13 Scientific Findings We Had To Share

Lucky for us, science just keeps giving us interesting studies.
13 Scientific Findings We Had To Share

Luckily for us, every day scientists are writing papers about their findings and we get to just read them instead of having to do any of the work ourselves. It’s wild when people dismiss a whole field of experts’ tedious work for their own “research.” When ordinary people say they “researched” a topic, it often means they googled what they wanted to hear and read the top sponsored results. It certainly doesn’t mean they used the scientific method and submitted their findings to a peer-reviewed journal. 

Of course, that doesn’t mean we shouldn’t be critical of studies -- it’s important to see who is funding the study and if other experts are criticizing it. But more often than not, even if a biased study is more based on science than a random opinion we come to and want to support. 

Here are thirteen interesting studies we read, and we encourage you to look at the original study if you’re suspicious about the findings.

Blue-eyed people are all related via a single ancestor

All blue-eyed humans have a common ancestor Originally, we all had brown eyes, but a genetic mutation took place around 6,000 to 10,000 years ago among a single individual that has resulted in all the blue-eyed people on the planet. CRACKED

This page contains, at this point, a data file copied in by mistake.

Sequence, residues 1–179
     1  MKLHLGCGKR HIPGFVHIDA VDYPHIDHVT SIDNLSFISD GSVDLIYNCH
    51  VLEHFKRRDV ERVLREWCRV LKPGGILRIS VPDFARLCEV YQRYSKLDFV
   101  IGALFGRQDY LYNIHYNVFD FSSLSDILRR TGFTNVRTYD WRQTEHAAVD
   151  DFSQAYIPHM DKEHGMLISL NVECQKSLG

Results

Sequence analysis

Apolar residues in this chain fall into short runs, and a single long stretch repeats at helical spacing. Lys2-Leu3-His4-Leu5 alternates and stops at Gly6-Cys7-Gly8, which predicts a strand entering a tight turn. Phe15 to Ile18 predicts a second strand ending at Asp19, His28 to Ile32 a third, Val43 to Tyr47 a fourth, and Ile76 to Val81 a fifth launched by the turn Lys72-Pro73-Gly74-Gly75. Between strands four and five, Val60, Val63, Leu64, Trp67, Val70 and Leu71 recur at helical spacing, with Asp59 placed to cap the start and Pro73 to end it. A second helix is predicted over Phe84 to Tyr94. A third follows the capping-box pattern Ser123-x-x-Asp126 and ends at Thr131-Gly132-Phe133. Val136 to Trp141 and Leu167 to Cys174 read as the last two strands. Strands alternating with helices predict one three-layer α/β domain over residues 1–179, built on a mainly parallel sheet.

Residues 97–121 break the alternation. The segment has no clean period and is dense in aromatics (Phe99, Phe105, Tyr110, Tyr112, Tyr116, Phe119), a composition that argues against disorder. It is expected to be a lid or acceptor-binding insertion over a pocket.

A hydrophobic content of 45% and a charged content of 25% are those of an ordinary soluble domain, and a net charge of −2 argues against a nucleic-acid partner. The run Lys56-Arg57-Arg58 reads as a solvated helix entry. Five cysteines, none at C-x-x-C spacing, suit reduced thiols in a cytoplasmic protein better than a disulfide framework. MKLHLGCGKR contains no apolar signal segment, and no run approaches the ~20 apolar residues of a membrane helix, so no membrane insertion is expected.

Source: ScienceDaily

Women are just as competitive, when they can share the winnings

Women are as competitive as men Women will enter into competitions at the same frequency as men ... if they have the option to share winnings with losers. CRACKED

Source: ScienceDaily

Male dolphin's offspring is based on popularity

Popularity-not strength or age- leads to more offspring for dolphins Male dolphins have more offspring, not based on their age or health, but based on their social bonds with other males. CRACKED

Source: ScienceDaily

Millionaires are more likely to be risky

Millionaires tend to be more risk-tolerant 100SM High wealth was associated with higher risk tolerance, emotional stability, openness, extraversion, and organization. CRACKED

Source: Nature

Spiders can hear you with their webs

Spiders use webs to expand their hearing Researchers have followed orb-weaving spiders and found that their spider web expands their auditory ability, which may give them advance warning for prey and predators. CRACKED

Source: PNAS

We can now hear what Mars sounds like

NASA recorded the first sounds from Mars NASA's Perseverance rover sent audio that shows us that Mars is really quiet. CRACKED

Source: NPR

Fish can do basic math

Fish can do simple calculations Researchers recently discovered that cichlids and stingrays can do addition and subtraction in range of 1 to 5. CRACKED

Source: Nature

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